High court: limits to defend oneself in court
Justices rule 7 to 2 that some defendants aren't competent enough to represent themselves.
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At issue in the case, Indiana v. Edwards, was whether the Supreme Court should adopt a new rule providing for a second level of competency to determine when certain individuals with mental or other disabilities are entitled to represent themselves at trial.Skip to next paragraph
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The difficulty arises in cases when a judge has determined a person is mentally competent to stand trial. That standard isn't particularly high. The defendant must be able to understand the charges and help the lawyer mount a defense to those charges.
Being found competent to stand trial does not mean the defendant isn't laboring under substantial mental or other disabilities. If represented by counsel, sometimes the extensive scope of those disabilities can be partly masked or completely hidden from the jury. But when a mentally disabled defendant decides to represent himself, the judge and jury are confronted with a practical problem. Can a mentally ill defendant who chooses to represent himself receive a fair trial?
Some legal analysts say the right to defend oneself could facilitate a form of court-assisted suicide in some death-penalty cases. Others say mentally disabled defendants retain a right to plead guilty and accept the consequences of that action. The self-representation right is no different, they say.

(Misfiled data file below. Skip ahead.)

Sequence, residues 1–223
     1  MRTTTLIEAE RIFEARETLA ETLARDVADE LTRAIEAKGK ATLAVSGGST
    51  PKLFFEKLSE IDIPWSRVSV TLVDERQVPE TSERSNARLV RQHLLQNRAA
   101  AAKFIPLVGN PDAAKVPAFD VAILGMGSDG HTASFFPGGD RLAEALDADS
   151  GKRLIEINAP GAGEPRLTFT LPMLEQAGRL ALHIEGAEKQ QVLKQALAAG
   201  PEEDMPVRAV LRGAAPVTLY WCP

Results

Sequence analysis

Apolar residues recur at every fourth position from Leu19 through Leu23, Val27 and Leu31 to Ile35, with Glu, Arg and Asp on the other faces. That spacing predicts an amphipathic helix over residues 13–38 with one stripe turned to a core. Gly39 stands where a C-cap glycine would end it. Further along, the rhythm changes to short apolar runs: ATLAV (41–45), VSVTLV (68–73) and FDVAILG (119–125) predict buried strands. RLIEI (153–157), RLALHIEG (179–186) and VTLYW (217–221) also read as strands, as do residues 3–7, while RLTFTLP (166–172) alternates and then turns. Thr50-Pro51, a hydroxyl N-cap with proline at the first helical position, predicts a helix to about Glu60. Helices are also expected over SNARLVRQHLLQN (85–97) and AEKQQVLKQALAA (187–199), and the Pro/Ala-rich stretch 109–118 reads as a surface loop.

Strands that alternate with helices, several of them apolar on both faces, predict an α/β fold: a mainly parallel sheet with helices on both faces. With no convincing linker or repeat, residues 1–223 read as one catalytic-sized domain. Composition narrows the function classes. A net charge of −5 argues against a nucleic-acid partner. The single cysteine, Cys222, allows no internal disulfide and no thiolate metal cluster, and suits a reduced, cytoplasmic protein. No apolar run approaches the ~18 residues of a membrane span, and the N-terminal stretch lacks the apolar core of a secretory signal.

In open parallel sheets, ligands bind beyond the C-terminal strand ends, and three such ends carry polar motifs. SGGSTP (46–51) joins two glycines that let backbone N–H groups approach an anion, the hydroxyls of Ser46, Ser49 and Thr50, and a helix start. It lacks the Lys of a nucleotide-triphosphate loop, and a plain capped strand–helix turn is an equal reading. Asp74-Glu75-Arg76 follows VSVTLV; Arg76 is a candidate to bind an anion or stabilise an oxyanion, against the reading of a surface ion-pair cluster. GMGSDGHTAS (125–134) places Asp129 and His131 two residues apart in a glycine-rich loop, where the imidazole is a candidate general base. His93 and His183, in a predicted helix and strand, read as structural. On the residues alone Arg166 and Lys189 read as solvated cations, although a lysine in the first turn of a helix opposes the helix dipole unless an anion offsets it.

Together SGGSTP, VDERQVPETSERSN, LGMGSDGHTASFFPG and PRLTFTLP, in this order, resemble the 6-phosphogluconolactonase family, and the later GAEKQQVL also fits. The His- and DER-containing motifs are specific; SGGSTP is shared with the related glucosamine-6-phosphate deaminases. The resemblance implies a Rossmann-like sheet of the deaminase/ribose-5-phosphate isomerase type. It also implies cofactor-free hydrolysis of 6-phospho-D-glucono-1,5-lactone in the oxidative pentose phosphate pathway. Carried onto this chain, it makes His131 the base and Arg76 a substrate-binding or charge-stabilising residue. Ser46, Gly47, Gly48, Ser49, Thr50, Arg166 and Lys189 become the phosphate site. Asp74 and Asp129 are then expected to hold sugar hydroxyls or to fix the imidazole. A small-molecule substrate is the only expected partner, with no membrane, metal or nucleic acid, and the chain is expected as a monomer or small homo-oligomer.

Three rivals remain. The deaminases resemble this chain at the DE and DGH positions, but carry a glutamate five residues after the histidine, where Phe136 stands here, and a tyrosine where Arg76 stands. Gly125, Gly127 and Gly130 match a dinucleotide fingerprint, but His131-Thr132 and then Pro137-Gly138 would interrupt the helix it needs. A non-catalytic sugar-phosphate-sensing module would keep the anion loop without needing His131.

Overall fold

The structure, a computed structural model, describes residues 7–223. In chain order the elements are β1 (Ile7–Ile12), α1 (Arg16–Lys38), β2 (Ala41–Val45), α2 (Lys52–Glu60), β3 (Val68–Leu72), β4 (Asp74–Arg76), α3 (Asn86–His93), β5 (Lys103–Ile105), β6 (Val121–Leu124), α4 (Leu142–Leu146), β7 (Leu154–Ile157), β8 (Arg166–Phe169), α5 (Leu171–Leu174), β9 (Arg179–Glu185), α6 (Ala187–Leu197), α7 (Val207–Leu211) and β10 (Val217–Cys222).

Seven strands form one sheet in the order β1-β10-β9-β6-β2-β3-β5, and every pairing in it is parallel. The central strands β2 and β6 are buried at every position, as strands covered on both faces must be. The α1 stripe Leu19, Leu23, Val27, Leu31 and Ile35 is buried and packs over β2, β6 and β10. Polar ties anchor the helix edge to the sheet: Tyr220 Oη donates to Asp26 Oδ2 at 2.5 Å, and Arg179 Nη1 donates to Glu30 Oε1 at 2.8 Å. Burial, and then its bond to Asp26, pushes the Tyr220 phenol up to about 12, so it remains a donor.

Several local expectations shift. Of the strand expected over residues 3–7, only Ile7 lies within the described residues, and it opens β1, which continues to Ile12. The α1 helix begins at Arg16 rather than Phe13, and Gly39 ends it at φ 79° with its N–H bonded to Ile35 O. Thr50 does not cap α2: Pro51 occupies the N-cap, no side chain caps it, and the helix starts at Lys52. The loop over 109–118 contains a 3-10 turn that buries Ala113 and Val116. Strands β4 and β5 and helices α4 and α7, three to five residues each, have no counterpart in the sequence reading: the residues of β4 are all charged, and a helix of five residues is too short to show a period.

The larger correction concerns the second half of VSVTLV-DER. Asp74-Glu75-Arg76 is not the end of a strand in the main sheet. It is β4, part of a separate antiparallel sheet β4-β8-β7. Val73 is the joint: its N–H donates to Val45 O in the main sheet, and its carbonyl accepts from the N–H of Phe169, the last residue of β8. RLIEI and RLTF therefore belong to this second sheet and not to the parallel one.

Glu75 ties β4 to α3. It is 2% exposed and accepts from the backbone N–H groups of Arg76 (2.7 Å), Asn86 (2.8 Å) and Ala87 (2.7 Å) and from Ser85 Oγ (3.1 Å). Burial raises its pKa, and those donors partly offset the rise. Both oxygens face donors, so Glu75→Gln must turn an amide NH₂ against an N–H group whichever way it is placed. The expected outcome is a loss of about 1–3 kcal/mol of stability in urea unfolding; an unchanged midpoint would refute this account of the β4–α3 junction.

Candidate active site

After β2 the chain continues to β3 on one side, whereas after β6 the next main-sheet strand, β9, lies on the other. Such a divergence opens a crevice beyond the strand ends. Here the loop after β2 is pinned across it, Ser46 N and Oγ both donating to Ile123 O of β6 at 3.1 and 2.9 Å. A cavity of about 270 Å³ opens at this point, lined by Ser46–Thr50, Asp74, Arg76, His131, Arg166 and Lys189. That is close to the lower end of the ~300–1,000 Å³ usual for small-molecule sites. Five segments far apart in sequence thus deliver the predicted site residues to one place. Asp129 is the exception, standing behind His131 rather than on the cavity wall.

Court rules require certain procedures and decorum. A defendant serving as his own lawyer who is disruptive could be removed and standby counsel appointed to take over. But should a judge deny a defendant the opportunity to defend himself because the judge believes the defendant might not do as well as a lawyer?
In his majority opinion, Breyer declined to rely on a single standard of trial competency. But he offered no guidance on how judges should determine competence to serve as one's lawyer. Instead, the majority opinion focuses on the importance of maintaining the dignity and fairness of criminal proceedings.
"In our view, a right to self-representation at trial will not affirm the dignity of a defendant who lacks the mental capacity to conduct his defense without the assistance of counsel," Breyer writes. "Proceedings must not only be fair, they must appear fair to all who observe them."
Scalia says the majority misuses the word dignity. "The dignity at issue is the supreme human dignity of being master of one's fate rather than a ward of the State – the dignity of individual choice."
In other decisions Monday, the high court ruled 7 to 1 that when older workers are disproportionately affected by an employment decision, the employer bears the burden of explaining whether there was a reasonable explanation other than age for the company's action. The case involved workers over 40 who challenged their dismissals at the Knolls Atomic Power Laboratory in upstate New York. The decision makes it easier for employees to prove that they have suffered discrimination because of their age.
• Material from the Associated Press was used in this report.